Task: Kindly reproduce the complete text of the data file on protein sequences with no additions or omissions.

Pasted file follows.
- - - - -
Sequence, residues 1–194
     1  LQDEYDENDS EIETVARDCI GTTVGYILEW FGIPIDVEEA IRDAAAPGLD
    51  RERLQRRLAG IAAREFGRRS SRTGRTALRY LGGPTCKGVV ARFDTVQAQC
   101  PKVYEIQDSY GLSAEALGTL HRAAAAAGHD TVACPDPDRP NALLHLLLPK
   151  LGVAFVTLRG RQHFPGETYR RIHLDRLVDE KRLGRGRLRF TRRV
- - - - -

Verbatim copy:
Sequence, residues 1–194
     1  LQDEYDENDS EIETVARDCI GTTVGYILEW FGIPIDVEEA IRDAAAPGLD
    51  RERLQRRLAG IAAREFGRRS SRTGRTALRY LGGPTCKGVV ARFDTVQAQC
   101  PKVYEIQDSY GLSAEALGTL HRAAAAAGHD TVACPDPDRP NALLHLLLPK
   151  LGVAFVTLRG RQHFPGETYR RIHLDRLVDE KRLGRGRLRF TRRV